Finance being the bad-news-of-the-day for months on end is something I’ve never experienced before. I cut my teeth as a journalist during the extended bear market in oil that ended with the First Gulf War. The build-up was virtually a private affair for those of us who were specialists; no-one cared that much that the economy was benefiting from lower oil prices. The inflection point, when it came, was very public and geopolitical. Its consequences are still being worked out. I certainly did not see the Iraqi invasion of Kuwait coming; I was convinced that Saddam Hussein was just posturing. And yet, in retrospect, I vividly remember a conversation I’d had with a wise soul from the Middle East who showed an inexplicable agitation a few weeks before the invasion that you might characterise in the same way that animals are said to become jumpy before an earthquake. What was upsetting him was that he could read the runes whereas his colleagues could not. I was 25, still working below decks, lucky that he would take my call, and lacked the experience to fully engage with what was bothering him. The build-up to the credit crunch has been different and in some ways has already engaged the entire economically active population in psychological and also very concrete ways. The fall-out looks like being just as comprehensive.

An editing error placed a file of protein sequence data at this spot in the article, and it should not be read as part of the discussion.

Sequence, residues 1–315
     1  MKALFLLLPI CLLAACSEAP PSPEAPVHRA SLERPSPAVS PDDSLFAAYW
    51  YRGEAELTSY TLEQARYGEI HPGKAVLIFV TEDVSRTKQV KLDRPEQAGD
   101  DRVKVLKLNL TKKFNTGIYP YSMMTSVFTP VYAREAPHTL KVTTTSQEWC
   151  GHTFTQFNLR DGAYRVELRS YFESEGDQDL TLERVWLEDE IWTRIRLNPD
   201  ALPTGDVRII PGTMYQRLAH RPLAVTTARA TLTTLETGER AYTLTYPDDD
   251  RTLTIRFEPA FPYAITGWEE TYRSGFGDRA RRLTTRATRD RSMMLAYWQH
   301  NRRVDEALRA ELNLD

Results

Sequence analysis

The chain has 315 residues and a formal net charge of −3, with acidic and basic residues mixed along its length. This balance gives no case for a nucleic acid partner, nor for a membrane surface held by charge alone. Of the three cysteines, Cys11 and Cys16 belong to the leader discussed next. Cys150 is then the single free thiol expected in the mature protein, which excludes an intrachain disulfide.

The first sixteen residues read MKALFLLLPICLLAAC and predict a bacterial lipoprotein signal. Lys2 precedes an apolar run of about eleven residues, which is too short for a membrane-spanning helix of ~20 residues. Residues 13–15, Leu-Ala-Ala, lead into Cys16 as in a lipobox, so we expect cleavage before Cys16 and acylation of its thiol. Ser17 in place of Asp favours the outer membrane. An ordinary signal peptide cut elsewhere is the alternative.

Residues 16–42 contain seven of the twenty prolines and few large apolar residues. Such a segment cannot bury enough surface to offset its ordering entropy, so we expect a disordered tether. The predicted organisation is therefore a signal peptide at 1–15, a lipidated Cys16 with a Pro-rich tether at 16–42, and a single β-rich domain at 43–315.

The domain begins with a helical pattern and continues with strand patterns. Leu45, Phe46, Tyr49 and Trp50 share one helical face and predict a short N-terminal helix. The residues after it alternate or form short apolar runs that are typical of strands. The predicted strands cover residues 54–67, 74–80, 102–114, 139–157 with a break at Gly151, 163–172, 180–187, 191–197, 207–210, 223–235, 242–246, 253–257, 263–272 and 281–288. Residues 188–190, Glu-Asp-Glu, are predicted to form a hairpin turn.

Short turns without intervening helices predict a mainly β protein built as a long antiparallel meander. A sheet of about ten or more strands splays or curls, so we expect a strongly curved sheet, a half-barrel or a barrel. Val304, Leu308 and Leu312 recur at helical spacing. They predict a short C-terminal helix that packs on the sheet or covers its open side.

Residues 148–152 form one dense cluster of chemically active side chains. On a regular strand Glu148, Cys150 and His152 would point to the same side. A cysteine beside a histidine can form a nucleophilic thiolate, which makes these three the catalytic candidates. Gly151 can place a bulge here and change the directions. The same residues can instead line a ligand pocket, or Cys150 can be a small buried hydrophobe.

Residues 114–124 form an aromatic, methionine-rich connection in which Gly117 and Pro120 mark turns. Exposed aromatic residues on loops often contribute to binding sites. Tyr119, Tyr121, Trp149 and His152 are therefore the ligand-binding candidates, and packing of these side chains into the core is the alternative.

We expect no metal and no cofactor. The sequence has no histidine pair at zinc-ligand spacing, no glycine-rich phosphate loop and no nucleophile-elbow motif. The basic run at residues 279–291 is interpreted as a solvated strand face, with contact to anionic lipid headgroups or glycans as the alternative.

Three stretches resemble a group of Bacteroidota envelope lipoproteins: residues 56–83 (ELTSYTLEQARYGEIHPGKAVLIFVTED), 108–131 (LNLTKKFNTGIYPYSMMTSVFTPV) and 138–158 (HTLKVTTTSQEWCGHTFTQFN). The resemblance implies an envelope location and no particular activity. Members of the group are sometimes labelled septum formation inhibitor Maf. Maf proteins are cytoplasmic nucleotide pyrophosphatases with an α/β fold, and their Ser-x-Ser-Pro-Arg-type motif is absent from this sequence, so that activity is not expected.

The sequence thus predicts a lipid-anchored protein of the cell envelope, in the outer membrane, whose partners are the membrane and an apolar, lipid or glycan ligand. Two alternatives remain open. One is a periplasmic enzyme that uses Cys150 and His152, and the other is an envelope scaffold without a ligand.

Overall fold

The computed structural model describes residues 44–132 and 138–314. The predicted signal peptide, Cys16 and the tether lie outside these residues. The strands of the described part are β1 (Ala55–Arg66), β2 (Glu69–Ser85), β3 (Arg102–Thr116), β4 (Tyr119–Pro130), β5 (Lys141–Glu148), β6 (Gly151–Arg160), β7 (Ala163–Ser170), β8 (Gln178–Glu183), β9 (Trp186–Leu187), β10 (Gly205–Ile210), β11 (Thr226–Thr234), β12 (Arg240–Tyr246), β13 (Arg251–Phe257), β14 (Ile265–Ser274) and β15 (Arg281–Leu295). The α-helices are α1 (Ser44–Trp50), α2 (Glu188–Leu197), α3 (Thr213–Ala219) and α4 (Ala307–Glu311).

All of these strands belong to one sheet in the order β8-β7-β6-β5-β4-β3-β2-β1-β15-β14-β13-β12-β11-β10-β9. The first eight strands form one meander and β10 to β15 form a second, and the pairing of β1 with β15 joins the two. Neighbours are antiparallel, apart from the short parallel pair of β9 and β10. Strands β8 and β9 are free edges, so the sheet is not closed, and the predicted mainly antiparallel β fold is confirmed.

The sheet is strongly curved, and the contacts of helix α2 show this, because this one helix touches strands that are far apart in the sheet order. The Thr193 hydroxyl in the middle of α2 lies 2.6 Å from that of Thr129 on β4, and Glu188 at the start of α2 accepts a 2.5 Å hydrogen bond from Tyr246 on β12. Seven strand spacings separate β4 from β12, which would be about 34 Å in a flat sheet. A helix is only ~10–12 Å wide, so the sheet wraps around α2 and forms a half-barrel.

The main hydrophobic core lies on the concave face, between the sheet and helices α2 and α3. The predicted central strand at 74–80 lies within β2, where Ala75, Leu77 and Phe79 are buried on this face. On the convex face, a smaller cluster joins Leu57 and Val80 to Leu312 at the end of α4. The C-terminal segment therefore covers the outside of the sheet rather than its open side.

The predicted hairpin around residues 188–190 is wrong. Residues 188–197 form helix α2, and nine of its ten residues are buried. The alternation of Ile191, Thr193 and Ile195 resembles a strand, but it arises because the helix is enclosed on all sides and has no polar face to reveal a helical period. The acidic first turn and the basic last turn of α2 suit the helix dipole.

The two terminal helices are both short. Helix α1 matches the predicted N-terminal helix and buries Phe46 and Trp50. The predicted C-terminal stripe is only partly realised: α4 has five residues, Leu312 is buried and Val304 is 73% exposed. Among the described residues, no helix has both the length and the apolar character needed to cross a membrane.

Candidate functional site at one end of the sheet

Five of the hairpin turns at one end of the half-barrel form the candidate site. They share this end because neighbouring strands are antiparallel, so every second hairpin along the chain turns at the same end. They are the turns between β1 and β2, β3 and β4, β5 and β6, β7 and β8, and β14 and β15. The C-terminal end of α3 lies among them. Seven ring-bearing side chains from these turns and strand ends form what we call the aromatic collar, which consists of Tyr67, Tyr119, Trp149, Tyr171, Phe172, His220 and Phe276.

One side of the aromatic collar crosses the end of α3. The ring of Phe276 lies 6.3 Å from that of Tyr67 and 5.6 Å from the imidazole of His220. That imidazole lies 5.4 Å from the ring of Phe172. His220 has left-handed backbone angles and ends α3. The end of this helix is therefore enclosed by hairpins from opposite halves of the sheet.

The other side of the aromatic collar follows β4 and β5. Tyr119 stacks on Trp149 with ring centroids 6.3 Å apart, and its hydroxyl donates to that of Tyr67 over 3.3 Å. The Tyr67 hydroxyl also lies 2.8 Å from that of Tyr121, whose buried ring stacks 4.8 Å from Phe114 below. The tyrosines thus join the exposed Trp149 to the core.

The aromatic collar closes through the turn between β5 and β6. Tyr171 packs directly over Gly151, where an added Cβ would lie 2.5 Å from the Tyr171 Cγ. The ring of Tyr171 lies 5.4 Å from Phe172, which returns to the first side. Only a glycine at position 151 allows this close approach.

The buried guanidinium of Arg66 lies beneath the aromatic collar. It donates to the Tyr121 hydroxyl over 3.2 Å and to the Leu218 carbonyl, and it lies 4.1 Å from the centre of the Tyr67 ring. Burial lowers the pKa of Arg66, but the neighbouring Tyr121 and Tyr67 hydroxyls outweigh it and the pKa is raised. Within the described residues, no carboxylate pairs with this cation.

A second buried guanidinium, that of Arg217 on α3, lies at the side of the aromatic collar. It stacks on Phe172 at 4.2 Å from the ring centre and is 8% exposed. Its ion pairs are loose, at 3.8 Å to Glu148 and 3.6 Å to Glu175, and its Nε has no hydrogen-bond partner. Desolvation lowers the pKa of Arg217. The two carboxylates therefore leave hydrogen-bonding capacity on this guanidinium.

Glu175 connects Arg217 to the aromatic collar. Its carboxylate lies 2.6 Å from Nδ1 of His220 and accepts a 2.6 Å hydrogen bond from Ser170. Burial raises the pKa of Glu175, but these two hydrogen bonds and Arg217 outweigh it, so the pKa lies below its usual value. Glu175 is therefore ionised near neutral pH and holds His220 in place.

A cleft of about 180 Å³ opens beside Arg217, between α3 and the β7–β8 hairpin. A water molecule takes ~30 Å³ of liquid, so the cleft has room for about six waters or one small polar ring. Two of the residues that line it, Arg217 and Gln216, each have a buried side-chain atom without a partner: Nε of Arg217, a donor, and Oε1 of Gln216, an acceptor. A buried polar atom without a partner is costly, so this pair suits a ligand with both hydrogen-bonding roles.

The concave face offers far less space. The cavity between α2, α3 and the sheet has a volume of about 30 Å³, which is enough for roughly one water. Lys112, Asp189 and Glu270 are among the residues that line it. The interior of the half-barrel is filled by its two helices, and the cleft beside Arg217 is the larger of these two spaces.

It would be helpful if one could feel some sense of vindication, but it just ain’t happening. When you see someone driving recklessly, you don’t know whether it will end in a crash; that you are on the same bit of road — to mix metaphors — means you are inescapably in the same boat.
Getting it wrong is the sine qua non of economic forecasting. As the Stand-up Economist (whose gig on Saturday night at Oxford’s OFS I’ll be attending), says:-
Micro-economists are people who are wrong about specific things, and macro-economists are wrong about things in general … macro-economists have successfully predicted 9 out of the last 5 recessions.
Weather forecasters are often pilloried for getting it wrong. But, of all specialists, behavioural studies have revealed that they are the least confident in their own predictions. Economists and stock analysts, by contrast, are the most cocksure. And yet, the same people who failed consistently to identify the scale of the danger are also asked now to explain what happened. Nice work if you can get it.